Julie’s Letter for Help
Pleasant Prairie Police Department, 
Ron Kosman or Detective Ratzenburg-

I took this picture + am writing this on Saturday, 11-21-98 at 7AM..
This “list” was in my husband’s business daily planner - not meant for me to see, I don’t know what it means, but if anything happens
to me, he would be my first suspect. Our relationship has deteriorated to the polite superficial. I know he’s never forgiven me for the brief affair I had with that creep seven years ago. Mark lives for work + the kids; he’s an avid surfer of the internet...

Anyway - I do not smoke or drink. My mother was an alcoholic, so I limit my drinking to one or two a week. Mark wants me to drink more - with him in the evenings. I don’t. I would never take my life because of my kids - they are everything to me! I regularly take Tylenol + multivitamins; occasionally take OTC stuff for colds, Zantac or Imodium; have one prescription for migraine tablets, which Mark uses more than I. 

I pray I’m wrong + nothing happens... but I am suspicious of Mark’s suspicious behaviors + fear for my early demise. However, I will not leave David + Douglas. My life’s greatest love, accomplishment and wish: “my three D’s”
- Daddy (Mark), David, + Douglas.

Julie C. Jensen

In fear of her life, Julie left this letter and photographs of this list and other questionable day planner and computer search events with her neighbors along with instructions to hand them over to police if she should suddenly die. This is not an exact copy of Julie’s letter, but a word-for-word transcription of it. The neighbors testify that eight days later she again talked with them, telling them Mark is trying to poison her and leaving poison websites up on his computer for her to see. She was shaking and crying and even afraid to eat or sleep. She hardly ate anything the whole weekend. She also said he kept offering her drinks, which he normally wouldn’t do. Four days later she was dead.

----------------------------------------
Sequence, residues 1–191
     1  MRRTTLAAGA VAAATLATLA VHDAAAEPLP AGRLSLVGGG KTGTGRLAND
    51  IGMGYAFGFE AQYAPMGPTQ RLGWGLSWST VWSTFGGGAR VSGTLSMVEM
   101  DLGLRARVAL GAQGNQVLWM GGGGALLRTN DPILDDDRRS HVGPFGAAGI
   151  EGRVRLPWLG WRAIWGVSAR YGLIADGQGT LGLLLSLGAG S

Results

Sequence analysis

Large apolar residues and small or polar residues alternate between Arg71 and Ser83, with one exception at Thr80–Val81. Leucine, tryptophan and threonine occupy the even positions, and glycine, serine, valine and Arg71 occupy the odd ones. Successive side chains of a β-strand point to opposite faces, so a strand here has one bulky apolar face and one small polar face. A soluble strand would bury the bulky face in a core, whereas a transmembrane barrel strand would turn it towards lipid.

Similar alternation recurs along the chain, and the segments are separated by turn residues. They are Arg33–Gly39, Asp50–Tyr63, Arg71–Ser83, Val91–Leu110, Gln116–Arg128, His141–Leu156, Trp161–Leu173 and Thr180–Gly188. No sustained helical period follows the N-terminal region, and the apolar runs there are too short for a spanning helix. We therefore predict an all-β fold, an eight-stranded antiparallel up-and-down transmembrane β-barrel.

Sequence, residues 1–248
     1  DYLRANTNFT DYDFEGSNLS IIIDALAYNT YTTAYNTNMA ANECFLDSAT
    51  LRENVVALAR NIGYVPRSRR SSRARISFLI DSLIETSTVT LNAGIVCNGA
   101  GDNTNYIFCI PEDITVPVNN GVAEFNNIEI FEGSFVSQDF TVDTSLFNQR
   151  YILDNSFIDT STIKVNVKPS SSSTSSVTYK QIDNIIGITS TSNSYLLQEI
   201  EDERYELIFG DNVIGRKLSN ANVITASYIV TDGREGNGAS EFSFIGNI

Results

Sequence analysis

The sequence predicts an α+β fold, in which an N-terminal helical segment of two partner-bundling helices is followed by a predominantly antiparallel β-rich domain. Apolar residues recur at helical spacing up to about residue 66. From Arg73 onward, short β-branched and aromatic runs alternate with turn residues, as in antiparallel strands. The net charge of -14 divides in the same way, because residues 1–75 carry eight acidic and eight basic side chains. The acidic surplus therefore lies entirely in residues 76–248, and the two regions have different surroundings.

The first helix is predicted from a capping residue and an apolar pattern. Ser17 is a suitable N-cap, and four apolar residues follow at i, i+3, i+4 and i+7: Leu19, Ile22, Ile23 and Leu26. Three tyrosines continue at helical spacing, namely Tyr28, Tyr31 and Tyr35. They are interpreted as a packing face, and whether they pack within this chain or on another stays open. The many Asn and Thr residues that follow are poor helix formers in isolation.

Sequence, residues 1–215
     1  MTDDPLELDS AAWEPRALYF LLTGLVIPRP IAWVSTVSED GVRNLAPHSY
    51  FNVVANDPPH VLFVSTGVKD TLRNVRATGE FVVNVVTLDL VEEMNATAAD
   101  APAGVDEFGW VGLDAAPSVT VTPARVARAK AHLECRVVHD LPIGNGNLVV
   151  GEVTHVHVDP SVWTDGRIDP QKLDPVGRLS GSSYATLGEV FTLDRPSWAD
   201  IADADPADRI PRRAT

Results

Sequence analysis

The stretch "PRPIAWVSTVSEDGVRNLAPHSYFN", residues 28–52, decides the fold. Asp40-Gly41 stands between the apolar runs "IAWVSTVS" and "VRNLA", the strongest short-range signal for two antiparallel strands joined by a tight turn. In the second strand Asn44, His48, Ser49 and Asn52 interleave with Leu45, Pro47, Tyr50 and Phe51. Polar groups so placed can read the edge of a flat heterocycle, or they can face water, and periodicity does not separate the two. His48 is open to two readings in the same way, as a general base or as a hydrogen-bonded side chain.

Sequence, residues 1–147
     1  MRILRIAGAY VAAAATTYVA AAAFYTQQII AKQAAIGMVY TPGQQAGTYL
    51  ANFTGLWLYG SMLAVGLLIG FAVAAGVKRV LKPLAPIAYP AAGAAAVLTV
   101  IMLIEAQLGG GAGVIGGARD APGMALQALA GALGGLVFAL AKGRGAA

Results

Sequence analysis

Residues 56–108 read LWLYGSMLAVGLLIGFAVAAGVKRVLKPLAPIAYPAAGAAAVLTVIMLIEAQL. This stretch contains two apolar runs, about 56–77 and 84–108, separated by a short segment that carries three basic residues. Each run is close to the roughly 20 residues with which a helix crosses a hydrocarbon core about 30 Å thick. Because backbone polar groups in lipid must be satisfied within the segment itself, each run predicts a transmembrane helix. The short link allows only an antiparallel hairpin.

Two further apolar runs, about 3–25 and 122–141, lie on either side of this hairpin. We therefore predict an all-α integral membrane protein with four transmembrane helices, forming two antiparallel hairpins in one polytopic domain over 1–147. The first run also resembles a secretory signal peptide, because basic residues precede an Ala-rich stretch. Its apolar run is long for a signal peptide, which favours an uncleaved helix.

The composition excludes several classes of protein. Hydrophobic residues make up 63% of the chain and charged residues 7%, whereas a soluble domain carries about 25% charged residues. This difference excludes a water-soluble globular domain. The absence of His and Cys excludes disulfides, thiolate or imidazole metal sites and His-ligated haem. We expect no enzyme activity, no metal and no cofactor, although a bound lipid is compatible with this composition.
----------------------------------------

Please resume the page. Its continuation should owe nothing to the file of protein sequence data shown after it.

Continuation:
own drug supply
Nicotrol NS.
Bottle - Booze
Razor Blades
Librium - shells
Defazio        Bag hands

When the police prompted, Julie gave them the photographs she had taken containing the above list but left the letter to remain with her neighbors. The police could not make anything out of it. Earlier in the trial, defense attorney Craig Albee claims the list is nothing more than a grocery list. However, when the defenses own Illinois pathology expert Dr. Denton reads the list, he is quite alarmed and agrees it seems murderous. He seems to know exactly what it means, although the police and Julie weren’t sure if it meant anything. Jambois illustrates that most things on the list besides syringe, in isolation, could not mean much. However, when all these things are listed together, it is very alarming and serious, especially when the list is paired with the first poisoning website that Mark looked up on the computer. Julie’s suspicions were right on target. After hearing many facts on the stand for the first time that were unethically not given to him by the defense, Dr. Denton changed his official support for the defense and stated the situation seemed more likely homicide than suicide.

After the pictures that Julie took got separated from the letter that she left with the neighbors, they were never examined closely side-by-side by anyone even though the letter referred to the one photograph containing the above deadly shopping list. However, the dedicated jury in the trial finally put them together again like originally intended. It was very evident to see that Julie’s letter was written not only from her own intuitive suspicions, but also simply as a response to the items she saw on the list. Bravo to the jury for using common sense and finally seeing the letter the way Julie intended, leaving a roadmap to her murderer.

(To answer some bloggers, the documents were verified by FBI handwriting and documents expert Lane Lewis who took the stand on 1/8/08 verifying the letter and list to have been written by Julie and Mark respectively, besides other witnesses who also verified the handwriting.)